The name of Sir Charles Bell has been intimately linked with facial palsy since the publication of his collected papers on the anatomy and pathology of the seventh cranial nerve, in 1844. Today, the term "Bell's palsy" is confined to "idiopathic" peripheral facial paralysis, thus excluding cases due to geniculate herpes and other known causes. A large number of cases remain in which the etiology is uncertain and unproved; these are the most frequent, as shown by Park and Watkins (1949), and by Cawthorne (1953).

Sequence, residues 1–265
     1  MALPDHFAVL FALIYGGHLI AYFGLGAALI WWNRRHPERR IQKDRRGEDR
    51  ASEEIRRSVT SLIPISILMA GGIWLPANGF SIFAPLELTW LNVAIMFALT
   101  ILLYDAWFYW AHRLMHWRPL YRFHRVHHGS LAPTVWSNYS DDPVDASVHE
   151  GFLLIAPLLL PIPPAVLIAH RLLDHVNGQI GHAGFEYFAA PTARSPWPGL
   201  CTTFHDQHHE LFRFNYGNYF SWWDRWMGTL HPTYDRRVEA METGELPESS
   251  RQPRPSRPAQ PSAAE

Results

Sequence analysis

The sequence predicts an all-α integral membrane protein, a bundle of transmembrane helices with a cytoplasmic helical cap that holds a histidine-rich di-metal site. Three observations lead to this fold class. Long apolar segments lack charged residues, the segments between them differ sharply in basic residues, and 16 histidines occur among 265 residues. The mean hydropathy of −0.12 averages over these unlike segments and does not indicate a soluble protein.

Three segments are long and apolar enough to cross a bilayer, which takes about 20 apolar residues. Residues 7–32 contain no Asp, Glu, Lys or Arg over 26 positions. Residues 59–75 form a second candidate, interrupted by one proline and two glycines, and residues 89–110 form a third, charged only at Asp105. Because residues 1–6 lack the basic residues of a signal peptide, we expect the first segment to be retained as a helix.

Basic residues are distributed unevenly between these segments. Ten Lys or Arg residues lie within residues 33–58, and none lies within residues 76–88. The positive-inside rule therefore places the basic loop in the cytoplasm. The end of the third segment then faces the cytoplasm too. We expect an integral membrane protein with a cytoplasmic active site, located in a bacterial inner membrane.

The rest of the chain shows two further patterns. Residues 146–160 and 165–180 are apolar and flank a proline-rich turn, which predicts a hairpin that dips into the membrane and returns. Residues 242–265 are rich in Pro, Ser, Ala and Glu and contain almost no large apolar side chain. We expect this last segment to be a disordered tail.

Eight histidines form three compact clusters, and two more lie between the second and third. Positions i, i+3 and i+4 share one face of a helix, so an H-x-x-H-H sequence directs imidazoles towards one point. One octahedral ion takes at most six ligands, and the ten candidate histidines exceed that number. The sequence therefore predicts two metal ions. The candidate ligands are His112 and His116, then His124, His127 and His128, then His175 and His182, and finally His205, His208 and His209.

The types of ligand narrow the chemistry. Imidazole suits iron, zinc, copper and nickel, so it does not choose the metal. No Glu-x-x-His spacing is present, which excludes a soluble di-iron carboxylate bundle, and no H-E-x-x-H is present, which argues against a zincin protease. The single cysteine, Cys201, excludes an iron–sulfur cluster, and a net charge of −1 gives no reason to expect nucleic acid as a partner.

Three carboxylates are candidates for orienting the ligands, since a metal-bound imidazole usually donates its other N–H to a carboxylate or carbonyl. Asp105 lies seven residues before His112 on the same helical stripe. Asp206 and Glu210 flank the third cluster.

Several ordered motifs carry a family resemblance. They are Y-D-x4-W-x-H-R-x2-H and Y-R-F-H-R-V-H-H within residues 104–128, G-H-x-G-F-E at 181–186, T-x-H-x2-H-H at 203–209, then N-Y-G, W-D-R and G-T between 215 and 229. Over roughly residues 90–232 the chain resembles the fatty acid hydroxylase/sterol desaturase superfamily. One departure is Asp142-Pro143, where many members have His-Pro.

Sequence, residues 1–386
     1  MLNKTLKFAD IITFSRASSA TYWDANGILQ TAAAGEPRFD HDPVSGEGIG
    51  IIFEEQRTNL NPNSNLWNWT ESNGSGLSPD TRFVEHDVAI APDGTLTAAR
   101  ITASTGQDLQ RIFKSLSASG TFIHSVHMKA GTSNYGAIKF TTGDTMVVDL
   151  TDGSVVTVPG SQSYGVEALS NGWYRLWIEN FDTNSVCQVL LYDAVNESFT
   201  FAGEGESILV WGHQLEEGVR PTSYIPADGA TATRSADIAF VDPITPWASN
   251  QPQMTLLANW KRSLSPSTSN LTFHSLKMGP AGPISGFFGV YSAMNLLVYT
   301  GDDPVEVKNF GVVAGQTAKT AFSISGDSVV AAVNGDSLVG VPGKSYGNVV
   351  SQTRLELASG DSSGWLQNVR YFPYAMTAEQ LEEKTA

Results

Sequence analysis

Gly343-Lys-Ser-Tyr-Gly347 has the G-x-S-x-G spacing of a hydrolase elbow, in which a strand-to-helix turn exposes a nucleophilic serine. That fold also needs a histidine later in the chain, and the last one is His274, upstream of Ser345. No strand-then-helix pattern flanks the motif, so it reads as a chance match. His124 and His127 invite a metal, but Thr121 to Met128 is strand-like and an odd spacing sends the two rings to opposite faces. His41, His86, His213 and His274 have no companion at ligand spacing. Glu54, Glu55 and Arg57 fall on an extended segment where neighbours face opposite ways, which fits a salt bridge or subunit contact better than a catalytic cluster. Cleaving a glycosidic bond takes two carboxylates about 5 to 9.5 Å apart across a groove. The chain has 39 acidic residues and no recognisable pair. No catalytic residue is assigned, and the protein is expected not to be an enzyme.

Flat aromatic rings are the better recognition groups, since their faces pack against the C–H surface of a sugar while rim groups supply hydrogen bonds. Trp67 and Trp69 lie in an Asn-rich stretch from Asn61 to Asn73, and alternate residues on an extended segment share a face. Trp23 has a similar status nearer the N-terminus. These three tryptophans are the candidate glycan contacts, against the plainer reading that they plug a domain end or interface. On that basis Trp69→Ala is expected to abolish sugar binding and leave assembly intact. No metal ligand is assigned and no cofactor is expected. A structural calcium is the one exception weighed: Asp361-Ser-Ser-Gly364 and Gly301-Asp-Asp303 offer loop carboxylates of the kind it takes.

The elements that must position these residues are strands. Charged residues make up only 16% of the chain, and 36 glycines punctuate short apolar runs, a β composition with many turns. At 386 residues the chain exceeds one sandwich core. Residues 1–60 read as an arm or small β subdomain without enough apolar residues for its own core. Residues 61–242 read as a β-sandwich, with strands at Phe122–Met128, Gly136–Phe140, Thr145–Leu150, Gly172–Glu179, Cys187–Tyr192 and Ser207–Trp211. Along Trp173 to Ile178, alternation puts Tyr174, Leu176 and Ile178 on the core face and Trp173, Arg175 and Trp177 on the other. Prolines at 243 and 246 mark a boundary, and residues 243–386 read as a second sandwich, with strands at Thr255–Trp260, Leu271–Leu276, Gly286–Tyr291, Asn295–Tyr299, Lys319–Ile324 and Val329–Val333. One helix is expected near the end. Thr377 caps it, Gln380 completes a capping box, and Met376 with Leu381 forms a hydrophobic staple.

The last three decades have witnessed an outburst of research into the many problems associated with "idiopathic" facial palsy which is without parallel since Bell's original observations. In particular, special regard has been paid to possible causative factors and attempts have been made to lessen the incidence of permanent cosmetic disability. It is well known that about 80% of all patients regain full function without